Bavaria’s culture is diverse and ripe for discovery. The State’s eventful past can be discovered first hand on a walk through the medieval old towns of Neurenberg or Augsburg – here it is the numerous historical buildings and memorials that really stand out. As far as the culture of the present is concerned, visitors can head to the contemporary museums, such as the new Museum of Egyptian Art in Munich, as well as the multitude of festivals that take place across Bavaria.
Unique and worth protecting: UNESCO World Heritage Sites
Some sites in Bavaria boast a particular draw for tourists and have been crowned as World Heritage Sites by UNESCO. These include the prehistoric Pile dwellings which date back millennia and can be visited at three sites in Bavaria, as well as the Limes Roman frontier, which runs through what is now Franconia. The picturesque old towns of Bamberg and Regensburg have also been awarded the prestigious title. The latter is the only city in Germany to have a medieval centre that has been fully retained to this day. Magnificent memorials include the baroque Residence in Würzburg and the Wies church in Pfaffenwinkel, which is fitted out in the finest rococo. The latest addition to the honourable group is the Margravial Opera House in Bayreuth. This attraction became the seventh World Heritage Site in Bavaria in 2012.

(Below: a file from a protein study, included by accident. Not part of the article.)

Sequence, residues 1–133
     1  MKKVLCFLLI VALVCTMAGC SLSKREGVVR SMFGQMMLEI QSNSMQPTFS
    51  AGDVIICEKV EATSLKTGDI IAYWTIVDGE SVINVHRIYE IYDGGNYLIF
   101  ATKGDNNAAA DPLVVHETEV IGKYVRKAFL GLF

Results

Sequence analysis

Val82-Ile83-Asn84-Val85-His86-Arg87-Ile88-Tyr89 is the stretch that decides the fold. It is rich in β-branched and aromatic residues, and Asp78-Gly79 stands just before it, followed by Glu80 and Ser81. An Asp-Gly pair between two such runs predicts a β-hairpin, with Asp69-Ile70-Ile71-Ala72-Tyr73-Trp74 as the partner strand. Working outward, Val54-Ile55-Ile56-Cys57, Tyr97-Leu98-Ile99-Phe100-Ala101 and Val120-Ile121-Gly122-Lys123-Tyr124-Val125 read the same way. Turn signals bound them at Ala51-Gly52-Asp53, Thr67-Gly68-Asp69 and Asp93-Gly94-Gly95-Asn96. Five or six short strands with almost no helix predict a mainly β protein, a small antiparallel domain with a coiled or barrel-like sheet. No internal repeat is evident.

Opulent memorials: Bavaria’s castles, palaces and museums
The 45 palaces, castles and residences in Bavaria that are open to the public combine masterful architecture with fascinating history. The largest crowd pullers are the magnificent buildings created by King Ludwig II, whose fairytale opulence cannot be rivalled anywhere in the world. They include Linderhof Palace, Herrenchiemsee and the probably most famous castle in the world: Neuschwanstein. There are other sites in Bavaria that are also worth a visit, however: the medieval castle in Nuremberg; the longest castle in Europe, which is found in Burghausen; or jewels such as Schönbusch Palace in Aschaffenburg, the Befreiungshalle or “Hall of Liberation” in Kehlheim, or Prunn Castle in Altmühltal.
Besides the romantic castles and palaces, the Bavarian cultural landscape is also home to twelve large state-run art galleries and cultural museums, including the following highlights, which are known far beyond Bavaria’s borders. The Neue and Alte Pinakothek, the Pinakothek der Moderne, the Bavarian National Museum, the German Museum, the Museum Brandhorst and the Lenbachhaus Gallery, all stand as some of the most important museums in the world.
Gentle strolls and quiet sojourns
The holiday routes across Bavaria invite visitors to discover the region whilst enjoying a gentle stroll. The routes run along historic paths, for example the “Romantic Road”, which runs from Füssen to Würzburg, and incorporates the picturesque town of Rothenburg ob der Tauber and the Fugger town of Augsburg; or the “Via Claudia Augusta Roman Road”, which features magnificent panoramas that are best discovered on foot, just like the Romans did all those years ago.
Meanwhile, the parties and festivals with international levels of charisma that take place throughout the year in Bavaria represent real cultural highlights. The most important festivals include the International Jazz Week in Burghausen, Rock im Park in Nuremberg, the Mozart Festival in Augsburg and the famous Richard Wagner Festspiele in Bayreuth.
Source and photo © Bavaria